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Peruvian Photographer Moonlights as Jackson Heights Clown

JACKSON HEIGHTS — Growing up in Peru, Luis Salazar's dream was to become a photographer, following in the footsteps of his late father, who shot for the Peruvian newspaper El Tiempo.

Decades later, Salazar has taken a slightly different tack: succeeding as a clown in Queens.

The 50-year-old Salazar, who goes by "Payasito Chiquitín" when he's on the job, has been performing as a clown for the last 20 years, long after ditching his camera for a blue nose and floppy shoes.

"No more," Salazar said of his photography career. "I can't live [off] that."

On the weekend, Payasito Chiquitín — "payasito" meaning "clown" and "chiquitín" meaning "little guy" — hops on a motorcycle with the license plate CLOWN1 and travels from his home in Astoria to Jackson Heights and Corona, looking for business.

He dresses up in a blue and white sailor's outfit, made up with blue lipstick and blue freckles, a long, blue rubber nose and giant, floppy shoes with fake toes popping out the front.

He works parties, putting together a set with magic, music and dancing. After two decades, he knows how to gauge children's reactions who's afraid and who isn't — and he's developed his own methods to interact with parents and get everyone involved.

In fact, he's gotten so good that he has completely stopped taking photographs for money.

"It's not easy working as a photographer in New York," Salazar said. "There's no more good business."

Salazar began taking pictures at the age of 19, receiving very little training besides a few courses at a local photography school in Peru before branching out to do freelance event photography, covering weddings and birthday parties.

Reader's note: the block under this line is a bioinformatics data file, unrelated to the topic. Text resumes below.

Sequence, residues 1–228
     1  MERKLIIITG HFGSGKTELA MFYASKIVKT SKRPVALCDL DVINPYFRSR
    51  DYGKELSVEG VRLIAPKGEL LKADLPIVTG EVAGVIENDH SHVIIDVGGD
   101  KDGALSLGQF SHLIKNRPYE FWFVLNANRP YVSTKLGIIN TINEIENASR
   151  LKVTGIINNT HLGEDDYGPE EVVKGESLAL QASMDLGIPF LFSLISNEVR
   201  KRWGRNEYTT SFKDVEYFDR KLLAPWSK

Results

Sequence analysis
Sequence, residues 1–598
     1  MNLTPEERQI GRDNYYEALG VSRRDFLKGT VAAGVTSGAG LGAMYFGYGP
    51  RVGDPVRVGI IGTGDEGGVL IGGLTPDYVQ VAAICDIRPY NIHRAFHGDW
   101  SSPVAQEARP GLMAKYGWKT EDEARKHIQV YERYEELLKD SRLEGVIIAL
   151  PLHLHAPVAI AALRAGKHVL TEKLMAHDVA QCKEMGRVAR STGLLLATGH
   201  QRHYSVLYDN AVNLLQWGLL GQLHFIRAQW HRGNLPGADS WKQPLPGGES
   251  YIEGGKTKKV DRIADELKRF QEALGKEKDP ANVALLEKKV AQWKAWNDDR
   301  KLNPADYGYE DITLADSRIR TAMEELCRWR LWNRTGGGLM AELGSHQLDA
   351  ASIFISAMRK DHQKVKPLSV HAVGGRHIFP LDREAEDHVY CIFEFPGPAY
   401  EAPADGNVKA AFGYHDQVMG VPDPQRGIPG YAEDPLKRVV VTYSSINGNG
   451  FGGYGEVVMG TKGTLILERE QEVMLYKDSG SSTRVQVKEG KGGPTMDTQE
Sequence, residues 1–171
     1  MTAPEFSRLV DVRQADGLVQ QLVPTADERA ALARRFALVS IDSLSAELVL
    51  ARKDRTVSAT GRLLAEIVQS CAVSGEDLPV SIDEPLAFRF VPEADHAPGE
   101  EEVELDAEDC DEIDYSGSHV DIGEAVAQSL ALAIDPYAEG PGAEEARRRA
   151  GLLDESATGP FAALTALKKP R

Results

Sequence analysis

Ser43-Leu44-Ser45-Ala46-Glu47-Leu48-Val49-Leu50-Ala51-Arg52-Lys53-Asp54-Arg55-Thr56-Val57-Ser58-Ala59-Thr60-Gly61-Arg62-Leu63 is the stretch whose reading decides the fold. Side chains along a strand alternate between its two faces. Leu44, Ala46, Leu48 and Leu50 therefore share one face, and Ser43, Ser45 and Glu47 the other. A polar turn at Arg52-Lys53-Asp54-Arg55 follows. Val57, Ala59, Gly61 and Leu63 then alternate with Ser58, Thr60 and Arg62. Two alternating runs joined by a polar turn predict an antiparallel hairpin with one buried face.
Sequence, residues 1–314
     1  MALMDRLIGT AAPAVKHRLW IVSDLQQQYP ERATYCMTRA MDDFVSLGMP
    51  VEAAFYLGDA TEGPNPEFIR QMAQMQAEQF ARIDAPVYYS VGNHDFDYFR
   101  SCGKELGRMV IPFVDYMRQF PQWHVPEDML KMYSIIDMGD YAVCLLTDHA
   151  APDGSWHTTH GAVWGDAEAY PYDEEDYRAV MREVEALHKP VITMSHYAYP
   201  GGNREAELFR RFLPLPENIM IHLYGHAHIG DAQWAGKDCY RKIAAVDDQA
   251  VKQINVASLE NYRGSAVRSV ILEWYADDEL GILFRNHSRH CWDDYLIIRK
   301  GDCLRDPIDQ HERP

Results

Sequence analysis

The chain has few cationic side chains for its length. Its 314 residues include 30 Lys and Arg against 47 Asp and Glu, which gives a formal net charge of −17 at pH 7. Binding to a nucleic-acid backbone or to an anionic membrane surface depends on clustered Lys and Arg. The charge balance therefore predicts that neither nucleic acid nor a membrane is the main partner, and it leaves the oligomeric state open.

In 1980, a business trip led to a life change. Salazar was working as an assistant to a farmer and fisherman who did business in the United States, and asked Salazar to fly with him for a week-long trip.

But during their stay, the boss had a heart attack. As Salazar stayed longer in America, he saw an opportunity to follow his dream of becoming a photographer.

"I said, 'Forget it, the U.S.A. is different,'" Salazar said. "You can come here and make your dream come true."

Salazar quit his job and moved in with family in Astoria, taking odd jobs through the years as a truck driver and restaurant worker in order to support career as an event photographer.

One day, while shooting a party in which a clown was supposed to perform, the clown called to say he wouldn't show up. Salazar argued, but the man refused.

So he decided to don the clown costume himself and simultaneously shoot photos and perform. It was the birth of Chiquitín.

For a while during the early '90s, Salazar said he would wear the costume to drum up business for his photography career. But when his business started to wane as new technology made taking photos easier, he started to perform full time for Jackson Heights and Corona residents.

"I like it," Salazar said. "I'm happy to see the people relax, forget their problems, forget their bills."

But there have been problems recently. Salazar was hit by a car while riding his motorcycle a few weeks ago, and has gone from performing two shows a week to two shows a month.

On top of that, he said that there have been an influx of clowns in the neighborhood over the last three years, increasing competition. In one instance, after inviting a group of clowns he'd just met over to his house, Salazar said he found some of them performing part of his act on the street.

"One clown sees another clown. He wants to do what you're doing," Salazar said. "That's not a clown, that's a pirate."

Still, Salazar said that clowning around is his new dream.

If asked to choose between being a successful clown or a successful photographer, he said he would still be "a clown, for sure." And he's recently begun trying to sell his old camera equipment.

"Any picture I take, I take for Chiquitín," Salazar said.